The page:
Send to:

Choose Destination
See comment in PubMed Commons below
Best Pract Res Clin Endocrinol Metab. 2012 Oct;26(5):655-65. doi: 10.1016/j.beem.2012.03.006. Epub 2012 May 22.

Early determinants of chronic disease in developing countries.

Author information

  • 1Department of Chemical Pathology, National Health Laboratory Service, University of the Witwatersrand Medical School, Parktown, Johannesburg, South Africa.


The prevalence of non-communicable diseases (NCDs) is rising in developing countries. The extent to which this is due to a nutritional mismatch in foetal and adult life is unknown however, studies in such countries show that the risk of chronic diseases is increased in low birthweight subjects who become obese adults. Immune dysfunction is also linked to low birthweight. Therefore, in countries where communicable diseases are prevalent, infection may be exacerbated by factors acting in utero. It is also possible that the foetal growth-retarding effects of maternal Human Immunodeficiency Virus (HIV) and malaria infection may contribute to an increased risk of NCDs later in life. Low birthweight and postnatal growth faltering followed by rapid weight gain define subjects who develop NCDs. Dietary interventions at specific time points in the life course may therefore be important for reducing disease risk.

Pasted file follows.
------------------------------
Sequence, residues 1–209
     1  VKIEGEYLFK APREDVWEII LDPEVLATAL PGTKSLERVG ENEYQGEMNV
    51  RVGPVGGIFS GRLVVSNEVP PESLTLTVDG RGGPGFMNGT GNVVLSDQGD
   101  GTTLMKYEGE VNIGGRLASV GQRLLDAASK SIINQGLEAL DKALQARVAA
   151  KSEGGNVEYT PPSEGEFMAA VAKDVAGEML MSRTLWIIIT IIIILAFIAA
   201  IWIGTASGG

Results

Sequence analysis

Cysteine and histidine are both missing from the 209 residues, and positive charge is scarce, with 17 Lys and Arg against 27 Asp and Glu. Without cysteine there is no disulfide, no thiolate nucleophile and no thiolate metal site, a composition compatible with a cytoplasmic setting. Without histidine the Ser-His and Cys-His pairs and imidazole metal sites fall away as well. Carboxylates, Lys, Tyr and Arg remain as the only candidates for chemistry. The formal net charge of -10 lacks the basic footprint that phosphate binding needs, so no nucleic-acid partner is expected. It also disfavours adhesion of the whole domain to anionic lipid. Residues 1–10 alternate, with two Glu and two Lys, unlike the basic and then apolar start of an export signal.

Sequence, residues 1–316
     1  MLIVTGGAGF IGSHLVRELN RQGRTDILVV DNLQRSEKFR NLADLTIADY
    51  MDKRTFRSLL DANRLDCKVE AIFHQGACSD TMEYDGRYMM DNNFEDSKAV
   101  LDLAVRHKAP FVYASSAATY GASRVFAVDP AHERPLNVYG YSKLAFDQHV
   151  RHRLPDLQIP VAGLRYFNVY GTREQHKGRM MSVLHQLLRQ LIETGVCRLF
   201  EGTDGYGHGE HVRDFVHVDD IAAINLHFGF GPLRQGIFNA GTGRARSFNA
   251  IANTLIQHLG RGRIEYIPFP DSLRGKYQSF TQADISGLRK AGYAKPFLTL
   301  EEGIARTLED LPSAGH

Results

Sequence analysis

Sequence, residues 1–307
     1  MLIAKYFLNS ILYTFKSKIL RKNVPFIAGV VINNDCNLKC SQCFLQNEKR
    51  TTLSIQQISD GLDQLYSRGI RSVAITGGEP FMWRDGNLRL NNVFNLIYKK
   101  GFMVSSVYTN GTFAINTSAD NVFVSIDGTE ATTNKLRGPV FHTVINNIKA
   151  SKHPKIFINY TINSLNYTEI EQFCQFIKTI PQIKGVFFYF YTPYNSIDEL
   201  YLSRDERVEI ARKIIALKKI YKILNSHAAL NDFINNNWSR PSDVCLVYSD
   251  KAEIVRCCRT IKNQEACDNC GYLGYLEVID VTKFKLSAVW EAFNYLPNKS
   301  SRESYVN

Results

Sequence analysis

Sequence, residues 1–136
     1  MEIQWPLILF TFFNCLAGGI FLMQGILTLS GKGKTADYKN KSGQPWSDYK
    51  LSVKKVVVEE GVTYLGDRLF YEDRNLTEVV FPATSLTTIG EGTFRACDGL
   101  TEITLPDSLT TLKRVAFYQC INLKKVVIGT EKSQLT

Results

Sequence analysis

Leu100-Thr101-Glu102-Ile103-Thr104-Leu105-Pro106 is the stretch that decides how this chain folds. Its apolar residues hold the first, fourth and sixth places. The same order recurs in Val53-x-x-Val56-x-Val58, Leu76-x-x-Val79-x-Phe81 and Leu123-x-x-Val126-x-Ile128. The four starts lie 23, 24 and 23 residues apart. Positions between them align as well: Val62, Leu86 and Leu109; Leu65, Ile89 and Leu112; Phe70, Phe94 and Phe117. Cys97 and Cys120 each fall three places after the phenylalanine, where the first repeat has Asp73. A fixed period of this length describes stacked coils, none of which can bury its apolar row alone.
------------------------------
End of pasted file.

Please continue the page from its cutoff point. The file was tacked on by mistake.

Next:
Copyright © 2012 Elsevier Ltd. All rights reserved.

[PubMed - indexed for MEDLINE]
PubMed Commons home

PubMed Commons

How to join PubMed Commons

    Supplemental Content

    Full text links

    Icon for Elsevier Science
    Loading ...
    Write to the Help Desk